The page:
USA: Wolf Pups and Turtles. News From CBD.

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Two New Litters of Wolf Pups Confirmed in Oregon

Oregon wolves have been gripped by pup fever.

Wildlife officials just released photos confirming that Oregon’s famous wolf “OR-7” — who founded the Rogue pack in the Oregon portion of the Rogue River-Siskiyou National Forest near the Oregon-California border — has fathered his third litter of pups since the pack’s establishment in 2014.

And it just so happens that the Rogue pack’s neighbors in nearby Lake County — a pair known as the Silver Lake wolves — have also produced pups. The female of this pair is known to have dispersed westward from the Mount Emily pack, and the male wolf, OR-3, was born into the Imnaha pack and is OR-7’s brother. This means Oregon’s wolf population has reached the triple digits.

“It’s incredibly exciting that Oregon’s wolves are starting to find their way back to places this remarkable species once called home,” said the Center for Biological Diversity’s Amaroq Weiss. “This tells us how important it is to keep wildlands available for continued safe passage, and to keep legal protections in place for wolves.”

See photos and read more in The Oregonian.

 

 

Iowa Moves to Rein in Turtle Trapping

A win for wild turtles: Iowa wildlife officials have proposed to restrict collection and killing of four species of wild turtles: common snapping turtles, painted turtles, spiny softshells and smooth softshells. If finalized the rules would impose seasons, daily bag limits and possession limits for the animals, which are under tremendous pressure from overcollection for the export market to Asia, where they’re killed for food and medicine. More than 3 million wild-caught, live turtles are exported from the United States each year to feed Asian markets.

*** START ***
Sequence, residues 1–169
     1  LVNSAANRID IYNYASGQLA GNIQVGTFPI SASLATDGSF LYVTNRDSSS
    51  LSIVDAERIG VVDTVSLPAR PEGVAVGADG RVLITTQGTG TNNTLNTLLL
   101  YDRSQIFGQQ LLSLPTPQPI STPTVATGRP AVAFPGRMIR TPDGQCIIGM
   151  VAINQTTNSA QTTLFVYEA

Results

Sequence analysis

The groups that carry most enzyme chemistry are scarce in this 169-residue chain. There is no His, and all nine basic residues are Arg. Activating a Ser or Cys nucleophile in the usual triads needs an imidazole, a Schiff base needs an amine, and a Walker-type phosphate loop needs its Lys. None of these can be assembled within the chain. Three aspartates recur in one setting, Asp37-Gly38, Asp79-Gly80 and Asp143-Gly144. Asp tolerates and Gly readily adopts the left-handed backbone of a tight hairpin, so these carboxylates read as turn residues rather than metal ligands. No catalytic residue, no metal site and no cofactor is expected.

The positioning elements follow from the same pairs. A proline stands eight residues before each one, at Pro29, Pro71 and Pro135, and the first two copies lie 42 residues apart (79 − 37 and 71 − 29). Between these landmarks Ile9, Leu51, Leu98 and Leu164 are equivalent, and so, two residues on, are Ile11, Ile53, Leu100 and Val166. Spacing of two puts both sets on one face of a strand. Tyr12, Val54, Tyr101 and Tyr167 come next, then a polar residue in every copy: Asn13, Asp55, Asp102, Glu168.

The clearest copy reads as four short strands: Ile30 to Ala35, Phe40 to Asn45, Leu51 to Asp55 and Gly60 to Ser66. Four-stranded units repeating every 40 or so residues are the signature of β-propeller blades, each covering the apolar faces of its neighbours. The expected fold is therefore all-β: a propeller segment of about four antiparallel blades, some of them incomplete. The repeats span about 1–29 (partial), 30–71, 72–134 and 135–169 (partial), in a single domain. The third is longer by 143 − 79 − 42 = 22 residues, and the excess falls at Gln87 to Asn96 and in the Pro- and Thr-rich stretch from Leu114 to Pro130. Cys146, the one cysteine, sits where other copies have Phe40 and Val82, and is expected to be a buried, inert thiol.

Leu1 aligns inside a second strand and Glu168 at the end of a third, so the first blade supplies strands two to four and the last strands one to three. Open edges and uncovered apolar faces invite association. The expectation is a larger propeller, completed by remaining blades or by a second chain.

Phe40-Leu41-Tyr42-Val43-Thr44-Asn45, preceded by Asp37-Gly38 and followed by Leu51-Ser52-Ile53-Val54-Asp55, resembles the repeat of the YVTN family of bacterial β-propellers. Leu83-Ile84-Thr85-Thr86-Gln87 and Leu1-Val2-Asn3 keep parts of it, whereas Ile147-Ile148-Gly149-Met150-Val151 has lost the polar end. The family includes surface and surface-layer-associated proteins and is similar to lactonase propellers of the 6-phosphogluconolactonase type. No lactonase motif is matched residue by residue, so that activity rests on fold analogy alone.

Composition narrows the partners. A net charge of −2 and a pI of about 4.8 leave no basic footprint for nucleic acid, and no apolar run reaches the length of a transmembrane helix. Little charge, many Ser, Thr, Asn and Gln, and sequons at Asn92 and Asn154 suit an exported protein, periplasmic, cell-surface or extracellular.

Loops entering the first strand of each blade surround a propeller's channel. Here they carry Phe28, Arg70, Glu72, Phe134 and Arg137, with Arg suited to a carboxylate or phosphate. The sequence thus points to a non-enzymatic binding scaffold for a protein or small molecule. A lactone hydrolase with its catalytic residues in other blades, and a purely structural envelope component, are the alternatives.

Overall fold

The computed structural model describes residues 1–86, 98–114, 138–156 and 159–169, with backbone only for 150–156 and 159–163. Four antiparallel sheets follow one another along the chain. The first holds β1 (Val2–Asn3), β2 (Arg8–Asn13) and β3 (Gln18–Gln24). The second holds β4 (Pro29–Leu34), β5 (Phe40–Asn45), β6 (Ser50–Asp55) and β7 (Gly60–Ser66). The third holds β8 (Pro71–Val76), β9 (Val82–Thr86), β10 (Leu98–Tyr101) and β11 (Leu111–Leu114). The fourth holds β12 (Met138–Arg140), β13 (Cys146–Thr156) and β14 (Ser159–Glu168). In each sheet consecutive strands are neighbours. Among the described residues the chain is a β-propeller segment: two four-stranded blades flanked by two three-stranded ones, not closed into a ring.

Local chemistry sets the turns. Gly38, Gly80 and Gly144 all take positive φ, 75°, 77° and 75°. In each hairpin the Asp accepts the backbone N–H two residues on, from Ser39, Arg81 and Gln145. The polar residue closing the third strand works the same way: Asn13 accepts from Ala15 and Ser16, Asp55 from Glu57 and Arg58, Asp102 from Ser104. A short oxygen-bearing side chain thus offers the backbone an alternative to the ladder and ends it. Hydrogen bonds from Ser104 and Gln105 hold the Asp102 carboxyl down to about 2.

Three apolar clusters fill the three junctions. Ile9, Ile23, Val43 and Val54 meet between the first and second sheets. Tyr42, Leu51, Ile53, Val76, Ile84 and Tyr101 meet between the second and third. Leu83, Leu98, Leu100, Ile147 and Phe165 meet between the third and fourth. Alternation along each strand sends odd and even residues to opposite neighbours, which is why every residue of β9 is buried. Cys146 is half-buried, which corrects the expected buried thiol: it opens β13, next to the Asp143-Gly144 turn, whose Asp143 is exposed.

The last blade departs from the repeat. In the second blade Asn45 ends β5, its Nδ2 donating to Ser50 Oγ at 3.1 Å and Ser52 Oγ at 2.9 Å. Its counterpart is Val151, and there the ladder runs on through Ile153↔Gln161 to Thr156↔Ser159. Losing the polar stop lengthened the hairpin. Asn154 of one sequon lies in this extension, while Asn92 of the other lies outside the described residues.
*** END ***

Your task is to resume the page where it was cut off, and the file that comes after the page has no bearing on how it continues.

Right now Iowa allows year-round commercial collection of the four turtle species without any daily bag or possession limits. The proposed regulations protect them during their peak mating season by prohibiting commercial collection prior to July 1. But year-round recreational collection of common snappers is still allowed.

“The new proposals are a welcome step,” said Collette Adkins, a senior attorney at the Center, which in 2009 sought a ban on commercial turtle collecting in the state. “But a complete ban on commercial trapping is needed.”

Read more in the Miami Herald.

 

 

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